LEONARDO, NJ : "Medical access delayed is medical access denied," said Carolyn Schwebel, Executive Director of the Equalizers, advocates for people with disabilities. "July 26th was the 23rd anniversary of the signing of the Americans with Disabilities Act (ADA) ," she added, "but very few physicians' offices and hospitals are wheelchair-accessible as required by this law."
During the long and arduous diagnosis and treatment regimen commonly required for those with breast cancer, Schwebel herself has had to endure many incidents of lack of accessibility at a local hospital. For a minor operation, the surgeon had to call a security guard to physically lift her up onto a high table that she had been assured would be accessible. "That experience made a scary situation even scarier. I was anxious, angry, and embarrassed at being undressed." For daily radiation treatments, she had to rely on a very cooperative, strong staff member to do the lifting. Many patients, especially older ones, have said that they are afraid that if they ask for their safe access rights they will lose their doctors.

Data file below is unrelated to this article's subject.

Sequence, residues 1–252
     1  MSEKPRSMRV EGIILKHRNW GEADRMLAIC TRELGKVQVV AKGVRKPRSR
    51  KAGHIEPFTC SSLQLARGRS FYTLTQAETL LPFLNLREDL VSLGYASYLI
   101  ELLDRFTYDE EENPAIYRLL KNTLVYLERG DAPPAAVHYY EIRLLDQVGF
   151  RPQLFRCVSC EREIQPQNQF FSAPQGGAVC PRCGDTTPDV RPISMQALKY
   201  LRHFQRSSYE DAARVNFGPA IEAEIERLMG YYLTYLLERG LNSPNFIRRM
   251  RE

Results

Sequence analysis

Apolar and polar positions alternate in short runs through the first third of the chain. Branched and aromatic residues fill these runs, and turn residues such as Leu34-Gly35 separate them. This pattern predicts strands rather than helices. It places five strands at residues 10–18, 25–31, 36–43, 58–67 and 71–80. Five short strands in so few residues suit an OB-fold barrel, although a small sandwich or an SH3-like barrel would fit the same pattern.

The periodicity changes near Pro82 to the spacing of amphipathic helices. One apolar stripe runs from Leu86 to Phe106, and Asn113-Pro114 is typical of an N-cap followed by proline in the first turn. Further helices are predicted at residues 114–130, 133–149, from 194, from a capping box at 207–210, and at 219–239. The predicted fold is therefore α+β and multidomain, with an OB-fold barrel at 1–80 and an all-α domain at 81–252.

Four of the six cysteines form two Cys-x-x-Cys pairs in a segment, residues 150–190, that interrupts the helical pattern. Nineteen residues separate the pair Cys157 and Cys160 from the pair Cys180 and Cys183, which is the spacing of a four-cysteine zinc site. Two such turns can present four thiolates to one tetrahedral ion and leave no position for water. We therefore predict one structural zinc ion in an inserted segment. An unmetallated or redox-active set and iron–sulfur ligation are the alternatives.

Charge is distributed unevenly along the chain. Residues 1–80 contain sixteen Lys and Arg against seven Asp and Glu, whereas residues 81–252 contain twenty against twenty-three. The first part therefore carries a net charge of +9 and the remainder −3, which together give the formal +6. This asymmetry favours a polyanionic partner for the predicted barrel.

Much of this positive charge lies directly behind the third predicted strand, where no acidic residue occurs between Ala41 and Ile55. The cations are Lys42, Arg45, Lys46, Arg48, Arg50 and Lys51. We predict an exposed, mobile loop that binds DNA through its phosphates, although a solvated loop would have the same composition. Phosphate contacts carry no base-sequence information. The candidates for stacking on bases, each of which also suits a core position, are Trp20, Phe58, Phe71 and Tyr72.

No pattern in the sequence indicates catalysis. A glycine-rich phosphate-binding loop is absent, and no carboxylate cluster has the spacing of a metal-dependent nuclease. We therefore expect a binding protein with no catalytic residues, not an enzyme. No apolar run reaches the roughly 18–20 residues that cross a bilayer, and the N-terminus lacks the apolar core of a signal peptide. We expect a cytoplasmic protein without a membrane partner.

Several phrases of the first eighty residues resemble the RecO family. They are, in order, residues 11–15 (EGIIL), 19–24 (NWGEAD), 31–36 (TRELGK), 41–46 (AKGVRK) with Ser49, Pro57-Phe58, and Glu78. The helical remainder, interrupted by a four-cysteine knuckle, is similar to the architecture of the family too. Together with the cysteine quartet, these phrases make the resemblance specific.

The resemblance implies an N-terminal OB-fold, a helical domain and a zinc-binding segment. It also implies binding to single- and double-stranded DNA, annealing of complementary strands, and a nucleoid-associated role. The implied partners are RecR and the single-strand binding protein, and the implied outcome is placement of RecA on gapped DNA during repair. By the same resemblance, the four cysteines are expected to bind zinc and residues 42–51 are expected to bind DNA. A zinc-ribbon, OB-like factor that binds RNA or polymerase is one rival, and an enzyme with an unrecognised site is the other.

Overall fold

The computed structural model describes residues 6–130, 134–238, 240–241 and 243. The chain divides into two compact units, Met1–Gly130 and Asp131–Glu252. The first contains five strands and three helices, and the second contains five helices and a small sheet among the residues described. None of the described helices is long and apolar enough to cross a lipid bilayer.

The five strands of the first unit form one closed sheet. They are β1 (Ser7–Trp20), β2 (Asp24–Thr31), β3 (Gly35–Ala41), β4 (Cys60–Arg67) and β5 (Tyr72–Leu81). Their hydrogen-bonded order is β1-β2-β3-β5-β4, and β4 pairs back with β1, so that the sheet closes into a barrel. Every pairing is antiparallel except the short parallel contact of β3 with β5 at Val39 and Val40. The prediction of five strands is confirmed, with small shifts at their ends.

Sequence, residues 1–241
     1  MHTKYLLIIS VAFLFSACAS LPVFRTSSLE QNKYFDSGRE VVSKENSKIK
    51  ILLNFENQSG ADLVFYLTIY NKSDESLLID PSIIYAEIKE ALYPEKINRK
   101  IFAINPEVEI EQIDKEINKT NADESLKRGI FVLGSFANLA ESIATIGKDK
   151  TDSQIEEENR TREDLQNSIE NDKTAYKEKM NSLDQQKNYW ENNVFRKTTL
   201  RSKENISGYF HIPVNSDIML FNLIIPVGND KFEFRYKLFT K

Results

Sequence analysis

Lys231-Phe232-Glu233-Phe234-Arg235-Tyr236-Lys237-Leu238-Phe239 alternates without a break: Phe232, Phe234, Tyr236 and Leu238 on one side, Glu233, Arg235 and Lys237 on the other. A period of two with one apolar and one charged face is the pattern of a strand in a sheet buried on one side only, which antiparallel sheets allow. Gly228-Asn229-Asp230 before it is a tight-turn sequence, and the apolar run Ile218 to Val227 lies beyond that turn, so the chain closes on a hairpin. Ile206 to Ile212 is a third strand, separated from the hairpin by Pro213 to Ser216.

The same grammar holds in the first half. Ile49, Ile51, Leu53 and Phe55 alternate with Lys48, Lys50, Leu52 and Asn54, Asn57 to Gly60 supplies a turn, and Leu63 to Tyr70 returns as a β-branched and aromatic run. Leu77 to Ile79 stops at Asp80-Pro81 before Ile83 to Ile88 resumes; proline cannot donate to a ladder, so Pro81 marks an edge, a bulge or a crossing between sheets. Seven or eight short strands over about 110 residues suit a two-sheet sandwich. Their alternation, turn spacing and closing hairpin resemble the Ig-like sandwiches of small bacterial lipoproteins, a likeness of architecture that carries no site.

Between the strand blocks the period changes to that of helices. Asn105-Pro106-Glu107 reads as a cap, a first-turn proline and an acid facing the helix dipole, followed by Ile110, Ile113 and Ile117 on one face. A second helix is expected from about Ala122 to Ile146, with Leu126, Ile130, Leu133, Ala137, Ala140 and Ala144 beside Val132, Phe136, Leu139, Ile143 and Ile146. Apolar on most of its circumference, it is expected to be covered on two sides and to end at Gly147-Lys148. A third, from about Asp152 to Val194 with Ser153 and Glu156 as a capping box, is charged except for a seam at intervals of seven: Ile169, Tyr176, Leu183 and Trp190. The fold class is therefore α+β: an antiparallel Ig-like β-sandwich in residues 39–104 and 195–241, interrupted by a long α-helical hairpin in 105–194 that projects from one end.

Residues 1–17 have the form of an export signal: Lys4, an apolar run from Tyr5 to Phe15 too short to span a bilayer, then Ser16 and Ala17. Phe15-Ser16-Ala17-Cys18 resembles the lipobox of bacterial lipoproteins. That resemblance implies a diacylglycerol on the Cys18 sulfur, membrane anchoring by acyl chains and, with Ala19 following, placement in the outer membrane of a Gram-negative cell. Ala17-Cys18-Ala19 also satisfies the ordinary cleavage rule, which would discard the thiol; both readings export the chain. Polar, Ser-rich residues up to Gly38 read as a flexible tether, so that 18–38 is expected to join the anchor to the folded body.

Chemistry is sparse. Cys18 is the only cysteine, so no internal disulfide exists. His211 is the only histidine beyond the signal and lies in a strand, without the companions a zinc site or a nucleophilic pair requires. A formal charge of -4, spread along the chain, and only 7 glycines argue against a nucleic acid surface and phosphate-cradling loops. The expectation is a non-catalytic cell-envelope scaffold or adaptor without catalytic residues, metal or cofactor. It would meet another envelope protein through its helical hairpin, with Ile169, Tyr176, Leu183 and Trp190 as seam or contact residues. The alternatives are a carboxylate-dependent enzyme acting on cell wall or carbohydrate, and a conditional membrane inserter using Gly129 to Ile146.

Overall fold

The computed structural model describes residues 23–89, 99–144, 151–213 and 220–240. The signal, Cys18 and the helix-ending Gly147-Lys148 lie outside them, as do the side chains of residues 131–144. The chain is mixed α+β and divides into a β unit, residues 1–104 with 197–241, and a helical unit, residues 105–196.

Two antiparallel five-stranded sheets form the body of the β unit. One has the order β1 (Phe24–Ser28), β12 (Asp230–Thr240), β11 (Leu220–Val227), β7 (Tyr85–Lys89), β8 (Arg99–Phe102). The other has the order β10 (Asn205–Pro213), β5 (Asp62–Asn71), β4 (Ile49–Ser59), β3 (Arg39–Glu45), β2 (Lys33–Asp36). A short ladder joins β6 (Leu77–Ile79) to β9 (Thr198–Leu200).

Medical facilities should be the most proactive in providing access for people with disabilities, including older patients and "wounded warriors." Still, 21 years after the required implementation of the ADA, patient tables, patient beds, toilets, diagnostic and radiation treatment machines are usually much too high; toilet seats and exam tables should be 17 to 19 inches from the floor for transfer from a wheelchair. Traditional exam tables are over a foot higher! While some medical providers have tried by buying newer tables, they are unaware that at 26 inches high, these tables are still dangerous and not accessible. The proper 17 to 19 inch height tables are now available.
Much guidance for medical providers is available at the Department of Justice's Web site, ADA.gov; in particular see "Access To Medical Care For Individuals With Mobility Disabilities" http://www.ada.gov/medcare_mobility_ta/medcare_ta.pdf